Manufactured objects begin their existences already possessing—and possessed by—a history. Even the latest digital wonder evokes a potential deluge of memory: early computers, radios, land lines, and wind-up phonographs are just some of the connections the latest cell phone may make. Earlier machines project memory in both directions: my first thought, on seeing Joe Carter’s “Remington Upstrike No. 7,” was of Mark Twain, a writer contemporary to the invention of the typewriter who was well known for his enthusiastic, even irresponsible attraction to new technologies. No surprise to learn from Carter’s statement that Twain was among the first to acquire an Upstrike, which must have connected fountain pens to printing presses for him. But to look at the actual machine, standing next to the painting on a pedestal, calls to mind the century past: not only the wear and tear visible on one example, but the changes in fashion and fortune of a once-invaluable tool that is now, in so far as its original purpose is concerned, obsolete. We elders make jokes when we use a term like ‘record’ or ‘LP’ in the presence of younger listeners, pretending to explain about those 12-inch black discs that contained music. It would not be a joke to explain some of the subjects Carter has painted. Even if a viewer recognized an electron tube, what are the chances she would understand its concept and operation the way she grasps her iPod?
Memory, in short, is unreliable: too much with us when we should better forget, but leaving us bereft just when we need it most. As discussed before in these pages (see Shawn Rossiter on The Emigrants, and follow the links to Anselm Kiefer), some recent artists around the world have taken memory and its misuse to task in their works. In this country, meanwhile, while our pundits loudly lament our short memories and attention spans, our culture and politics dwell increasingly in the past. Our latest movies come from old TV shows and even older comics, while we vote for the party that makes us feel most like the way we used to feel. Compare this to a painter like the German, Gerhard Richter, who paints blurry black and white images based on newspaper photos, counting on the durability of art to make sure important events aren’t forgotten like the dead fish we might wrap up in those newspapers and throw out.
I have to confess to feeling ambivalent about the power of painters like Carter to evoke memory. In the beginning, painters represented symbolic objects, like candles for souls, water for purity, and flowers for renewal, and made them look real to make us feel their presence. Today, nostalgia is big business, realism gives us illusions, and antiquated goods are often part of the way we distract ourselves from an unwelcome present and escape instead into the past. Still, who’s to say that the nostalgia a child’s toy evokes, like “Little Red Truck” or “Buddy,” can’t release a powerful understanding in the viewer, stoked by a child’s unforgettable feelings? Gaze a while at “Tangle” and realize how much effort and pride went into designing just the packages—thread spools in this case—ordinary things used to come in. Yes, something went out of our lives with the arrival of mass production, but it wasn’t the machines that committed the theft. Neither are they the primary force holding back real progress, or real understanding.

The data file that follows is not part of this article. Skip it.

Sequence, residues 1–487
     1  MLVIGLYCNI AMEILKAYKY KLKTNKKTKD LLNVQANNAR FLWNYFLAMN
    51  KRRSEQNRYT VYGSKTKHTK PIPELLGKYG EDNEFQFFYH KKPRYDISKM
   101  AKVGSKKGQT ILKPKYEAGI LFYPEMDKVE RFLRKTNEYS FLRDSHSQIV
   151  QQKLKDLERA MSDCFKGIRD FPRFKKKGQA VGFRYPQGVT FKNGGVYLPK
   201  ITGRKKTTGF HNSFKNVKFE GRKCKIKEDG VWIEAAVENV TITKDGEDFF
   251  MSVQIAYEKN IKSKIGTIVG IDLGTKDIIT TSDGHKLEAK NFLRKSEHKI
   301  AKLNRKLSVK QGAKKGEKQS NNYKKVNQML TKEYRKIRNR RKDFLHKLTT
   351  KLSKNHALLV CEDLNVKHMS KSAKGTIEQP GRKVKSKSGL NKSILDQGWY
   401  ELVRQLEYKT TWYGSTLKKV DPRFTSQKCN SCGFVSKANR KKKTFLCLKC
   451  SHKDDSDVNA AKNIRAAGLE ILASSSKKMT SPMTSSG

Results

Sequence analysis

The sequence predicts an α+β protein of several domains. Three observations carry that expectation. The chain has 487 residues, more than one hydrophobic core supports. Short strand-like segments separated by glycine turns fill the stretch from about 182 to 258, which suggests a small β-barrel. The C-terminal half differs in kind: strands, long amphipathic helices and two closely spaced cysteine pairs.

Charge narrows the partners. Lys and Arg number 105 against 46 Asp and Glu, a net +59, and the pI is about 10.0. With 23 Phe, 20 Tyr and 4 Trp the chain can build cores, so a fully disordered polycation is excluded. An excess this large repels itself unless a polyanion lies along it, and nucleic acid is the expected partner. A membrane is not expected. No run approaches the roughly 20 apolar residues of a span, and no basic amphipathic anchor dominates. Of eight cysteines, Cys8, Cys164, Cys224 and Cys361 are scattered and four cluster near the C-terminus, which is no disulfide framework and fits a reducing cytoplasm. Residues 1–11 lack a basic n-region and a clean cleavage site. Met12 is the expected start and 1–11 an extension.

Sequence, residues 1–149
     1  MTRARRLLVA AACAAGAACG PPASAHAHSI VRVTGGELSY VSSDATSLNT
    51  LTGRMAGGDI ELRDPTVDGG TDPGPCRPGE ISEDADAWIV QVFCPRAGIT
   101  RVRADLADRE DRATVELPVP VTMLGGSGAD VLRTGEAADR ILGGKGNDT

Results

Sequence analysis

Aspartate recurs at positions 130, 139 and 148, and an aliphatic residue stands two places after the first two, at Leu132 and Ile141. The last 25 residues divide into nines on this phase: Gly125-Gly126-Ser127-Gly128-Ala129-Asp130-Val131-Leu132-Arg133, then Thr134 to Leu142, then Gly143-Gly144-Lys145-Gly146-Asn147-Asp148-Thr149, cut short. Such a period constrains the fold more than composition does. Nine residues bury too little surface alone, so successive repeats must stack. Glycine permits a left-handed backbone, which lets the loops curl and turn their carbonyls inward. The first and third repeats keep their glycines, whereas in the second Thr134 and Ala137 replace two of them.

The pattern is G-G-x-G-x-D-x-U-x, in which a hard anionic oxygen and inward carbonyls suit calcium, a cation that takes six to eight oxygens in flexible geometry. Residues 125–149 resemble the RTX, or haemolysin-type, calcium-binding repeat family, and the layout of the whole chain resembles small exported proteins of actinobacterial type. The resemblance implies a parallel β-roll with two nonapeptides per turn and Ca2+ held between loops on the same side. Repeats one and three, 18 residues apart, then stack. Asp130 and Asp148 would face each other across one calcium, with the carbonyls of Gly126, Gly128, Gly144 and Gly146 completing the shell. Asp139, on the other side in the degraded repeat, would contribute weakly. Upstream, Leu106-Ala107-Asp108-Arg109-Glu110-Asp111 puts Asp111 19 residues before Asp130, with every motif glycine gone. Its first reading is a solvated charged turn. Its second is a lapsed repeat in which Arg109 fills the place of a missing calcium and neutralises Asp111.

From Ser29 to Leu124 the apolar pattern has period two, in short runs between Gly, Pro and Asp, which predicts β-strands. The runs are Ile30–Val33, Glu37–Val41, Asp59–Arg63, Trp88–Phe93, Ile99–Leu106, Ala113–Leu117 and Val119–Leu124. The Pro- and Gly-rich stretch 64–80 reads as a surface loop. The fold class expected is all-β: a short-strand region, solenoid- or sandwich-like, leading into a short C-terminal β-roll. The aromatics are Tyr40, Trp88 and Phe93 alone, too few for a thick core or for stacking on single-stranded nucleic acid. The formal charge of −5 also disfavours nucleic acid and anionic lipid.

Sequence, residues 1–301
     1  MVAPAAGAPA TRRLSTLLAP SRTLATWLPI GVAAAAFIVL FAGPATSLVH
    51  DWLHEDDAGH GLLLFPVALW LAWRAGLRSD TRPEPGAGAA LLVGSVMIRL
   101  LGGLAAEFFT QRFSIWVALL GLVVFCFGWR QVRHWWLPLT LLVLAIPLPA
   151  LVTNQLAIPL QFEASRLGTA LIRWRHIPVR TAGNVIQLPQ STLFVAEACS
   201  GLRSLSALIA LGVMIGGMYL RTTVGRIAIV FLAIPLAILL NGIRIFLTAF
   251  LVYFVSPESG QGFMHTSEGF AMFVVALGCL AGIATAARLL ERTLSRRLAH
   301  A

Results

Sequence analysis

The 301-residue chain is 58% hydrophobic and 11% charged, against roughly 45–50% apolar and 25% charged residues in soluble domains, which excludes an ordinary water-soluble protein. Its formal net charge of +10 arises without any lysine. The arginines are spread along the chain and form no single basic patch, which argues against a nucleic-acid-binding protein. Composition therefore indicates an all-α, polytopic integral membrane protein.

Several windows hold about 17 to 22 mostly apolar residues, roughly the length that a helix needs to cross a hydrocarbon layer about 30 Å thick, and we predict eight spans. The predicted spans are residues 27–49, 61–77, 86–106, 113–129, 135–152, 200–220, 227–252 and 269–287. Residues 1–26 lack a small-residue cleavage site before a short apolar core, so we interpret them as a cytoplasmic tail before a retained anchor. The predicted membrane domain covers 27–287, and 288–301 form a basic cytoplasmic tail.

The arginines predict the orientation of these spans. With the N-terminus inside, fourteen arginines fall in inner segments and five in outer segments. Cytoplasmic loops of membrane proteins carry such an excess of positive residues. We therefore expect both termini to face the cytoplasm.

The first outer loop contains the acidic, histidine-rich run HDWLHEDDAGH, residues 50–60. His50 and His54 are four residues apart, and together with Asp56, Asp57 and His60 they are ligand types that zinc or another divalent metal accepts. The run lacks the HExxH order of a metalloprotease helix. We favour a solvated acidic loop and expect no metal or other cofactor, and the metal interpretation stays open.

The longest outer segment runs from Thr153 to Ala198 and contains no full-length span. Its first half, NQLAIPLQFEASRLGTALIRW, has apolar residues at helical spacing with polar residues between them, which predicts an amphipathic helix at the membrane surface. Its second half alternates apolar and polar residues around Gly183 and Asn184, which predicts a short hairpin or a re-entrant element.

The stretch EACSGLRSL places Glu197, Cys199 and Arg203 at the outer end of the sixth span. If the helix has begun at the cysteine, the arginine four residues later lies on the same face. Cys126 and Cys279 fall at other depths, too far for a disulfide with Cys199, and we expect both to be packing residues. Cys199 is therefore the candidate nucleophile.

What’s not evident in the photos that accompany this review, but must be seen in person, is how Carter’s paintings actually look, and how they function visually. They are bigger, of course: some of them ten square feet or more. The brushwork is also looser than their small, photo-like images suggest. At a distance, glare and compound shadows call into question the perfectibility of perception; walk up close and the evidence of craft asks whether a brand new product can ever be mistaken for a finished, static version or final state. After all, aren’t wear and tear analogs in a way to the brushstrokes that gradually build a painting? Both are parts of history. One possible lesson of Carter’s enlargements of found objects is that warm, fuzzy feelings masquerading as nostalgic memories do not stop time or authorize us to stop looking. Carter likes to paint jars in which odd items are displayed.|5| It could be about hermetic preservation, a close relative of asphyxiation. Or it could be the way filling a space makes us see that space in a way we don’t when it’s empty: just space. Whether the illusion is half-full or half-empty is for the viewer to decide.
The paintings of Joe Carter are available at Salt Lake’s Phillips Gallery through April 13.
Geoff Wichert has degrees in critical writing and creative nonfiction. He writes about art to settle the arguments going on in his head.